Ancient Monuments

History on the Ground

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Ratfyn Barrow

A Scheduled Monument in Amesbury, Wiltshire

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Latitude: 51.1765 / 51°10'35"N

Longitude: -1.7747 / 1°46'29"W

OS Eastings: 415843.009147

OS Northings: 141943.696078

OS Grid: SU158419

Mapcode National: GBR 503.2EG

Mapcode Global: VHB5C.6P4G

Entry Name: Ratfyn Barrow

Scheduled Date: 15 September 1938

Last Amended: 18 February 1997

Source: Historic England

Source ID: 1015948

English Heritage Legacy ID: 28931

County: Wiltshire

Civil Parish: Amesbury

Built-Up Area: Amesbury

Traditional County: Wiltshire

Lieutenancy Area (Ceremonial County): Wiltshire

Church of England Parish: Amesbury St Mary and St Melor

Church of England Diocese: Salisbury


The monument includes a bell barrow located in the garden of Ratfyn Barrow
House, Amesbury. The mound is 19m in diameter and 3m high. It is slightly
elongated, having spread towards the south west corner of the garden. Traces
of a shallow ditch 3m wide are visible to the east and north east of the mound
and, in being separated from it by a sloping berm 3m wide, suggest that the
monument may best be interpreted as a bell barrow. The reduction of ground
levels to the south and west will have destroyed the area of the berm and
surrounding ditch and these areas are consequently not included within the
All fence posts, garden ornaments and electricity supply poles are excluded
from the scheduling, although the ground beneath these features is included.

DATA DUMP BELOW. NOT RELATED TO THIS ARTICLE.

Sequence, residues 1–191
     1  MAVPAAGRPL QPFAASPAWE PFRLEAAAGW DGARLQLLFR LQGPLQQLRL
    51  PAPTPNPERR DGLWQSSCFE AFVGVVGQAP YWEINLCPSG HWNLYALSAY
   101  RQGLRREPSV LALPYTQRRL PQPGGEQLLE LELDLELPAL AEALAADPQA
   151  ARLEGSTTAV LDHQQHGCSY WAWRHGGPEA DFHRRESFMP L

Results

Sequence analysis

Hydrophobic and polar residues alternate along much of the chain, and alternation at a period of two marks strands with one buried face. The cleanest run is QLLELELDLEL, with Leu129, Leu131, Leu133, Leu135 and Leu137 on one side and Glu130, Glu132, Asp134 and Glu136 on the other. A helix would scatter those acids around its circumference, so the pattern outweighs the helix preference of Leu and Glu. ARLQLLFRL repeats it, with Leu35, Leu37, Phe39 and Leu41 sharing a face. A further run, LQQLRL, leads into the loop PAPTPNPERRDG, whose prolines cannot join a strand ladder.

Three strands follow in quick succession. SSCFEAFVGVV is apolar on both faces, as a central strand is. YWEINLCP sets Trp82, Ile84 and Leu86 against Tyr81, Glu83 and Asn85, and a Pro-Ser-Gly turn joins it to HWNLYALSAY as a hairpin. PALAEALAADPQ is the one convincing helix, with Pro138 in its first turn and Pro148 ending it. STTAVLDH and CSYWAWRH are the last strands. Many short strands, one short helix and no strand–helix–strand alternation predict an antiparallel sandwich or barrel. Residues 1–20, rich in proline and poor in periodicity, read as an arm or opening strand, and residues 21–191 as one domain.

The site of the monument is shown on the attached map extract.

Source: Historic England

Reasons for Scheduling

Bell barrows, the most visually impressive form of round barrow, are funerary
monuments dating to the Early and Middle Bronze Age, with most examples
belonging to the period 1500-1100 BC. They occur either in isolation or in
round barrow cemeteries and were constructed as single or multiple mounds
covering burials, often in pits, and surrounded by an enclosure ditch. The
burials are frequently accompanied by weapons, personal ornaments and pottery
and appear to be those of aristocratic individuals, usually men. Bell barrows
(particularly multiple barrows) are rare nationally, with less than 250 known
examples, most of which are in Wessex. Their richness in terms of grave goods
provides evidence for chronological and cultural links amongst early
prehistoric communities over most of southern and eastern England as well as
providing an insight into their beliefs and social organisation. As a
particularly rare form of round barrow, all identified bell barrows would
normally be considered to be of national importance.

Ratfyn Barrow survives well and will contain archaeological remains and
environmental evidence relating to the monument and the landscape in which it
was constructed.

Source: Historic England

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